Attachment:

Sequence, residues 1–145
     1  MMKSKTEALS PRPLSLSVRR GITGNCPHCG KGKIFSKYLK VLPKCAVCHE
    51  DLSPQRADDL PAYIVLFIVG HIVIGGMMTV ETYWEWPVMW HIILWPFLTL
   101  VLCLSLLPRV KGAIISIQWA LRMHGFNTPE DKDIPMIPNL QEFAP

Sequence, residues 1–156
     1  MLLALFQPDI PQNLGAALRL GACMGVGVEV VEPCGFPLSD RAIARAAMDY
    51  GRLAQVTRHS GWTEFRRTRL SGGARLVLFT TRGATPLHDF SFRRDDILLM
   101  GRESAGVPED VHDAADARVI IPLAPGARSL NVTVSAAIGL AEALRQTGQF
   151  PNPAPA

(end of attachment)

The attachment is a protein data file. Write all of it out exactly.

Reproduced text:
Sequence, residues 1–145
     1  MMKSKTEALS PRPLSLSVRR GITGNCPHCG KGKIFSKYLK VLPKCAVCHE
    51  DLSPQRADDL PAYIVLFIVG HIVIGGMMTV ETYWEWPVMW HIILWPFLTL
   101  VLCLSLLPRV KGAIISIQWA LRMHGFNTPE DKDIPMIPNL QEFAP

Sequence, residues 1–156
     1  MLLALFQPDI PQNLGAALRL GACMGVGVEV VEPCGFPLSD RAIARAAMDY
    51  GRLAQVTRHS GWTEFRRTRL SGGARLVLFT TRGATPLHDF SFRRDDILLM
   101  GRESAGVPED VHDAADARVI IPLAPGARSL NVTVSAAIGL AEALRQTGQF
   151  PNPAPA